Bath time again!

2015-09-25 18.53.21

An expectant audience

Can it really be a whole year since the last Bath Festival of Children’s Literature, well yes it can.  This year sees the return of John and Gill McLay as the artistic directors.  They founded the festival and nurtured it during the first 6 years of its life, now they are back for year 9.

The events started off with a wonderful talk by the iconic Judith Kerr (pronounced Carr, so we2015-10-01 15.50.43 were informed?) in conversation with Julia Eccleshare.  She spoke about her childhood but also about her many books and in particular her new work “Mr Cleghorn’s Seal” which is based on an event in her father’s earlier life.  After this many of us transferred over to Waterstones for the launch party which was full of lovely authors, illustrators, supporters volunteers and friends of the festival.

2015-09-26 09.53.03

Mamillan, 9781447277897

the next day saw me reporting for duty in my first volunteer session of the year.  I was lucky enough to work on a session by Kristina Stephenson for her “Sir Charlie Stinky Socks and the Pirate’s Curse” which was full of music activity and a wealth of energy.  The children absolutely loved it.  I then had the great pleasure of seeing the Children’s Laureate Chris Riddell talk about his latest book “Goth Girl and the Wuthering Fright” as well as watching his amazing talent as an illustrator.  The queue for book signing was enormous and I was unable to get my book signed as I was booked to go and listen to the amazing Patrick Ness talking about “The rest of us just live here”.  A book that I have written about before.

2015-09-28 15.17.33I must admit to then having a day off in order to catch up on the more mundane things of life, as well as doing a bit of reading.  However on Monday I was off again, this time it was attending a school visit with the lovely Bali Rai.  I have heard him do a short talk at a conference in the past, but this was the first time that I had the pleasure of hearing him work with a young audience.  He absolutely held all of them spellbound, something that is quite difficult with over 100 year 9s and year 11s.  He spoke about writing in general, his background, the influences he finds and also about racism and extremism across a wide spectrum.  I would recommend any school to have him talk to their older pupils.

2015-10-01 15.26.53

Corgi, 9780552570749

2015-10-03 11.13.21The second weekend of the festival I was working on both days, but only half a day on each.  Saturday I worked the morning shift at the Guildhall and was able to see Elen Caldecott and Robin Stevens talking about writing crime for younger audiences.  Elen is a local author and and her latest book is the second in a series ‘Marsh road Mysteries’ and is called “Crowns and Codebreakers”.  Robin has really hit the spot with her wonderful series about the two schoolgirl sleuths Daisy Wells and Hazel Wong and she was talking about the third in the series “A first class Murder” which is a homage to “Murder on the Orient Express”  I also spent some of the morning learning how to draw “Wookies and Droids”, which might come in useful when my grandson is older.  With the next Star Wars film coming to the big screen in 2015-10-03 09.33.19 2015-10-06 21.25.41November this was very well times. I also saw the amazing duo of Sarah McIntyre and Philip Reeve in the green room as they were about to go to their “Pugs of the Frozen north” event.  I then met them later when they were off to their individual events for “Railhead” and “Dinosaur Police”.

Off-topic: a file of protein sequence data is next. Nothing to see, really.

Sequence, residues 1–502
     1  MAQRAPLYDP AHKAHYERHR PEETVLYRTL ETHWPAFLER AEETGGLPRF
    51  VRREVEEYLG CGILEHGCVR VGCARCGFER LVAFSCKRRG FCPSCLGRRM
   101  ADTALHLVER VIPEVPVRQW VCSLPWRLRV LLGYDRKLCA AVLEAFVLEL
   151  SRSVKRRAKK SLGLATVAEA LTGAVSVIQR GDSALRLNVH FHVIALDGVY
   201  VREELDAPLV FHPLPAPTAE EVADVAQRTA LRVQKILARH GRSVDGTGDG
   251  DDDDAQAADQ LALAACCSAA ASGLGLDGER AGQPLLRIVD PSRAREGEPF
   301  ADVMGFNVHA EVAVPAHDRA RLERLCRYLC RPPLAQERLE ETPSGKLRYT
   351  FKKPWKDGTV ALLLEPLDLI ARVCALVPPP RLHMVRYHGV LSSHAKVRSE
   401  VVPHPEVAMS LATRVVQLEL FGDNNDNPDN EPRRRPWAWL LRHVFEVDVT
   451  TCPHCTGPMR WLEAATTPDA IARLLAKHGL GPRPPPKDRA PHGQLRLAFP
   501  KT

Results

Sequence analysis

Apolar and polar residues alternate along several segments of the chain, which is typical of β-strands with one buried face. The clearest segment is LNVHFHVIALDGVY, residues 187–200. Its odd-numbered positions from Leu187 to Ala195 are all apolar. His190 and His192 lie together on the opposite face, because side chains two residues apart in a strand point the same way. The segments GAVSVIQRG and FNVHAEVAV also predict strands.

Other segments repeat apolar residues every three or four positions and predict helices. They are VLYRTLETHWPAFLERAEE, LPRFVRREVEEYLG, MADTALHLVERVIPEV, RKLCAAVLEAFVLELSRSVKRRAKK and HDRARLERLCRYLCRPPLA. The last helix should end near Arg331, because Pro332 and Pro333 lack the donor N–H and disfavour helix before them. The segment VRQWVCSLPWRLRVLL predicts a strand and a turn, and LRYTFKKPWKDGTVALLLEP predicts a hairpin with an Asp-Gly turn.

2015-08-16 15.36.38

Andersen, 9781783443642

Sunday was the last day of the festival and there were so many events that I would have loved to attend, however I did steward the events for Julian Clary and David Roberts, talking about their book “The Bolds”, which is a great read for those younger confident readers.  they shared the speaking and then David also produced illustrations so that the audience could see how a character is developed.  I then worked on the session with the poet John Hegley – he is 2015-10-04 16.33.05-1really brilliant and it is a major ‘experience’ to hear him speak, play his ukulele  and generally entertain his audience.

The final bit of icing on the cake was meeting Jennifer Donnelly in the Green Room and getting her to sign copies of 2015-10-04 16.59.01her books “Rogue Wave” and “Dark Tide”, the second and third titles in her series about a world with Mer nations and wars for power.

Of course all of this was just the tip of the iceberg and there were so many other fantastic events going on at other venues.  The programme is so varied that there is something for everyone.  For small children there were some favourite authors and illustrators, such as Michael Rosen,  Julia Donaldson and Axel Scheffler and for teens there was Joe Suggs and Jacqueline Wilson.  If you haven’t been to Bath before, then I suggest you book the dates for next year.

Federation of Children’s book groups conference

My first big gathering of this year and so many friends to catch up with.  I have now been back from the conference for two weeks and I am just coming down from the clouds.  It really was an amazing event.  As always the exhibition was full of children’s publishers showing us their latest wares and sharing their knowledge and enthusiasm.  It is always such a pleasure to meet up with these wonderful people and to come away with such goodies to read.

2015-04-10 17.38.12

2015-04-10 17.33.55     2015-04-10 17.37.30

 

 

One of the things we love about children’s book conferences is the opportunity to meet and listen to so many stimulating and exciting speakers, both writers  and illustrators, as well as the amazing Kate Wilson of Nosy Crow books.  As always we were treated to a generous amount of cake over the weekend, washed down by cups of tea and coffee.

2015-04-11 11.00.14 2015-04-11 15.24.01  2015-04-11 21.05.272015-04-10 16.10.44
The weekend started with a truly inspirational talk about poetry by Sarah Crossan, the author of  “Weight of Water” and “Apple and rain”.  As small children we are totally surrounded by rhyme, from nursery rhymes to the work  of people such as Julia Donaldson and Lynley Dodd,but as we get older poetry is moved within a fence that many find difficult to overcome.  There are some authors who use rhyme in their novels but it is a concept that we need to get back to.  If we look at the history of storytelling we find that many of the major cultural tales are told in a poetic form; just like song lyrics,  which we find easier to remember.

Saturday morning started with a session on writing non-fiction, with a panel of Nicola Davies, Nicola Morgan and Marcia Williams in conversation with Zoe Toft.  All three authors have carved out a niche for themselves in this area and although they have very differing styles, they all appeal to their intended audiences.  Nicola Davies writes narrative non-fiction and approaches the task in the same way as writing fiction.  Nicola Morgan on the other hand feels that the two disciplines are very different and that over the years she has “lost the fiction muscles in her brain”.  Marcia Williams was enthused by a teacher who would read out loud to the class.  All three described how they had gradually developed their writing style and what influences had affected them.